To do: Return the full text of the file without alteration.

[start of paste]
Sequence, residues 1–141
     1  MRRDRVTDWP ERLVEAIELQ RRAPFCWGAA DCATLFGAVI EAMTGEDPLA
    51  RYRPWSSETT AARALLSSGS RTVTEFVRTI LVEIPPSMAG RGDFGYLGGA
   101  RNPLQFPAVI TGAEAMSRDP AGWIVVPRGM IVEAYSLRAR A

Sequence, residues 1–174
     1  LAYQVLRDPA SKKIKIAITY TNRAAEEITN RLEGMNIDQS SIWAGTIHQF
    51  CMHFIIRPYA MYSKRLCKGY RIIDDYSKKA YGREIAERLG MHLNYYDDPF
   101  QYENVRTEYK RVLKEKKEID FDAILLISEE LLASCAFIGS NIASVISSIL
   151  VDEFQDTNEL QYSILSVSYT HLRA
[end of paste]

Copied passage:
Sequence, residues 1–141
     1  MRRDRVTDWP ERLVEAIELQ RRAPFCWGAA DCATLFGAVI EAMTGEDPLA
    51  RYRPWSSETT AARALLSSGS RTVTEFVRTI LVEIPPSMAG RGDFGYLGGA
   101  RNPLQFPAVI TGAEAMSRDP AGWIVVPRGM IVEAYSLRAR A

Sequence, residues 1–174
     1  LAYQVLRDPA SKKIKIAITY TNRAAEEITN RLEGMNIDQS SIWAGTIHQF
    51  CMHFIIRPYA MYSKRLCKGY RIIDDYSKKA YGREIAERLG MHLNYYDDPF
   101  QYENVRTEYK RVLKEKKEID FDAILLISEE LLASCAFIGS NIASVISSIL
   151  VDEFQDTNEL QYSILSVSYT HLRA